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A town built for the railways nearly 140 years ago can now boast a new railway life after Crawfords Freightlines announced they will build a major new intermodal railway hub near the town.
Werris Creek locals are over the moon, with 40 jobs up for grabs at the start of the project and about 140 jobs available once the hub is functioning. It is also a big boost for Liverpool Plains agribusiness with growers now having fast and secure rail access to the Port of Botany and also north and west.
Already surveyors are on site north of the town planning the hub after the Liverpool Plains Shire Council approved the development application on September 11.
Werris Creek has been the famous junction for two northern rail lines and Liverpool Plains Shire council mayor Andrew Hope said the Australian-owned company had been strategically clever in selecting Werris Creek as its new rail freight hub.
It was an exciting project that would give hope to the town in the middle of a miserable drought, he said.
He fully expected Crawfords would invest in the town during construction and there would be a flow-on to businesses including cafes and hotels in the town as the project gets underway.
Crawfords says the facility will “revitalise the region” with a minimum of 25 full-time jobs at the start. The council expects there could be up to 40 jobs in the start-up.
“The construction of such a facility and its inclusion in the economic development of the region will be a great opportunity to every sector of business including but not limited to the transport of grain, farm equipment, timber, meat, fertiliser and other materials more efficiently by rail, reducing trucks and congestion travelling to all three ports located in Port Botany,” Crawfords said.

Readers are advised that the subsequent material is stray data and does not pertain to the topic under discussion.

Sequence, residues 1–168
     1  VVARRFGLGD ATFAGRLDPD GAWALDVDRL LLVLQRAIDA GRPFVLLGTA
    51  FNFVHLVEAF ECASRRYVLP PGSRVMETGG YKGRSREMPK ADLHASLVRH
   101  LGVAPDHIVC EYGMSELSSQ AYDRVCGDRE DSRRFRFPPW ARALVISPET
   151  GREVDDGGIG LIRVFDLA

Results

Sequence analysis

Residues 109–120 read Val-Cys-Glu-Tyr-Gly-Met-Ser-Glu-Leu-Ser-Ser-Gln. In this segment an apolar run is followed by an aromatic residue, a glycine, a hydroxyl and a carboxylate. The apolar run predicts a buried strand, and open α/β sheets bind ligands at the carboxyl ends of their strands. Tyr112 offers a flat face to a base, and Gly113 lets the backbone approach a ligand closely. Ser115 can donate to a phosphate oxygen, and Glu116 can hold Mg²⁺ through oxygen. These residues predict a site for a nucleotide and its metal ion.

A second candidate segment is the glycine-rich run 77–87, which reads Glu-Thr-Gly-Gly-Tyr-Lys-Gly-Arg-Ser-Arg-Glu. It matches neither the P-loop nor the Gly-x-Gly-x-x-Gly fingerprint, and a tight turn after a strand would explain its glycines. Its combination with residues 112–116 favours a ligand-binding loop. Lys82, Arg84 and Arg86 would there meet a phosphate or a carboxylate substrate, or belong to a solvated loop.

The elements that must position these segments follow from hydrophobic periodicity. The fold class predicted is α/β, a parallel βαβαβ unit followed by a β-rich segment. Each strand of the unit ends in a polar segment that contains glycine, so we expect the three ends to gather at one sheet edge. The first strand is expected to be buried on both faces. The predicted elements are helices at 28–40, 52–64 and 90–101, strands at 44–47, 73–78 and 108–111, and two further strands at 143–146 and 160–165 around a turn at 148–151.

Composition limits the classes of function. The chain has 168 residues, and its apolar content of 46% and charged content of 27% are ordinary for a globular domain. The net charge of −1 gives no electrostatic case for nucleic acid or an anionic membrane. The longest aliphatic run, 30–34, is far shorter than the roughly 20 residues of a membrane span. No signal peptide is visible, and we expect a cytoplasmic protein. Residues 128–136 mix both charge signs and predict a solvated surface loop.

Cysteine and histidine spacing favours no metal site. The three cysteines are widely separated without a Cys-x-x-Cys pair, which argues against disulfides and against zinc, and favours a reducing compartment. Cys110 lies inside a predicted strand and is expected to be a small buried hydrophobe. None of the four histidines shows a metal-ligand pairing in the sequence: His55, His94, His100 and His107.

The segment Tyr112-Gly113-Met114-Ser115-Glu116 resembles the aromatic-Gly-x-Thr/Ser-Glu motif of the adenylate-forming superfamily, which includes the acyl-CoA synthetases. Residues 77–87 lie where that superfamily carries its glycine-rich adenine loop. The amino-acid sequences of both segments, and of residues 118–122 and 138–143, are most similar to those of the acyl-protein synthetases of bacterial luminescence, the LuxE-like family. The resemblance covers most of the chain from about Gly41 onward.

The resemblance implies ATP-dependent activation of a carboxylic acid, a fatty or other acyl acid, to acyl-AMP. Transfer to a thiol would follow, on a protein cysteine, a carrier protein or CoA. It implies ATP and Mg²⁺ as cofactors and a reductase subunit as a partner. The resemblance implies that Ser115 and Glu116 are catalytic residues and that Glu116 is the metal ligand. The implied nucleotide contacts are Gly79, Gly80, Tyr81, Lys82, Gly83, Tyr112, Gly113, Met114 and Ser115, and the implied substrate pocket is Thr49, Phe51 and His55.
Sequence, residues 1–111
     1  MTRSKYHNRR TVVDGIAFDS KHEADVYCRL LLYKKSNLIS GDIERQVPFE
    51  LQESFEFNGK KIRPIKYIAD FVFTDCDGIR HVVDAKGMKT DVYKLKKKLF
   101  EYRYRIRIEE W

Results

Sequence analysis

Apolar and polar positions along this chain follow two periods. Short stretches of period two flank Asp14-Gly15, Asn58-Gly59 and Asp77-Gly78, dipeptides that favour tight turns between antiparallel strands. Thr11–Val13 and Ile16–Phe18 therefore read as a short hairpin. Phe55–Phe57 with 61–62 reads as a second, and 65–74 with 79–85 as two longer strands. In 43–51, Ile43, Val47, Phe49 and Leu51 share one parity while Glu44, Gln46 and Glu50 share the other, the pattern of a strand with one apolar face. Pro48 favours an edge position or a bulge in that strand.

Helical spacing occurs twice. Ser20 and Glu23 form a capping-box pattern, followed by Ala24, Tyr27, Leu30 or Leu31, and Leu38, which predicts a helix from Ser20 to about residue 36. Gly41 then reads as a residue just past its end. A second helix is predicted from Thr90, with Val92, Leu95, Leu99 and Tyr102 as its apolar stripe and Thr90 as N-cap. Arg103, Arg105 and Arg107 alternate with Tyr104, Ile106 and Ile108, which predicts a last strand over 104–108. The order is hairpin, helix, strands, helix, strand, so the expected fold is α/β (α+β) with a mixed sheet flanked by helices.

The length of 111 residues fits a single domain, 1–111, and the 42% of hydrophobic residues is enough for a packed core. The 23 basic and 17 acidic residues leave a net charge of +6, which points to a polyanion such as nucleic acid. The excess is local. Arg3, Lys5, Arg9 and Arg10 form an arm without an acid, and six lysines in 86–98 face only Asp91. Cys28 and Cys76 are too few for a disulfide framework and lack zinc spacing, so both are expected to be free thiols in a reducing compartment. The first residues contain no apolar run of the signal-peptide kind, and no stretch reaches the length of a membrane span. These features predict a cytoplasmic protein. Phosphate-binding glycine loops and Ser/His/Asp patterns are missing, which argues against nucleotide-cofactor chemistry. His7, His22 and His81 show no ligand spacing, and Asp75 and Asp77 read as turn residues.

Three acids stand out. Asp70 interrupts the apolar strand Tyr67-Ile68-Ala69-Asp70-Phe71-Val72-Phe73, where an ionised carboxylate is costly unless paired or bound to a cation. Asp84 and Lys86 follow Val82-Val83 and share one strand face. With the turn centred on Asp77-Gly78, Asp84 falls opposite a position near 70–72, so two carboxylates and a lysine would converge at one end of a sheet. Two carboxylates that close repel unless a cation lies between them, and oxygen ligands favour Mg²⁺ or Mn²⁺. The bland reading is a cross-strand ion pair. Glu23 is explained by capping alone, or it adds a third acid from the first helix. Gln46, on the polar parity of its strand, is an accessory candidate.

Crawfords said the “potential for growth is huge as the North West Express will link with other modes of transport servicing Moree, Narrabri, Inverell, Armidale, Tamworth and the entire New England area”
Mr Hope said it made sense to locate the hub at Werris Creek and that Crawfords would be able to link into the Inland Rail network, which is currently under construction.
As with some towns in NSW, Werris Creek owes its existence to the railways after nealry 500 railway workers were located there to help build the northern railway line to Tamworth in 1877.
It later became a major junction for the branch line to Gunnedah and Moree.
Even the town’s streets are in the form of railway signals. It also has a heritage listed railway station.
“This will really get our economy moving,” Mr Hope said. “We were more than eager to get this project moving.”
This article first appeared on www.theland.com.au
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